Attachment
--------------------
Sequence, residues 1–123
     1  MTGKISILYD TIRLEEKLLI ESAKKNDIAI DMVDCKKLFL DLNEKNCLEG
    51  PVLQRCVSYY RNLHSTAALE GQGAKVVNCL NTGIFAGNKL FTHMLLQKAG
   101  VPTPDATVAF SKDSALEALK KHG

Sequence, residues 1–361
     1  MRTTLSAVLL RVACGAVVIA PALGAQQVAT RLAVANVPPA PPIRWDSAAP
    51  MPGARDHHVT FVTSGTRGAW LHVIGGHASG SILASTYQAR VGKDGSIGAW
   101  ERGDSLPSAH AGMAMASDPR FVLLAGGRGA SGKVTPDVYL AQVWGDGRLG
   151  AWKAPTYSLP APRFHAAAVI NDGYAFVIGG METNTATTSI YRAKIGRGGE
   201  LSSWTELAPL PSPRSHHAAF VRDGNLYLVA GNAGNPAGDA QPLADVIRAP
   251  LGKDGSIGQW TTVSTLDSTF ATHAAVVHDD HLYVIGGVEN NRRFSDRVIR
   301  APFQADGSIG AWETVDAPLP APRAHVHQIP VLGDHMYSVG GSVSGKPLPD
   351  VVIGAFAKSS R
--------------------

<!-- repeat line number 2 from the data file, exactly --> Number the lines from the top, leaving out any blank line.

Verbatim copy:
     1  MTGKISILYD TIRLEEKLLI ESAKKNDIAI DMVDCKKLFL DLNEKNCLEG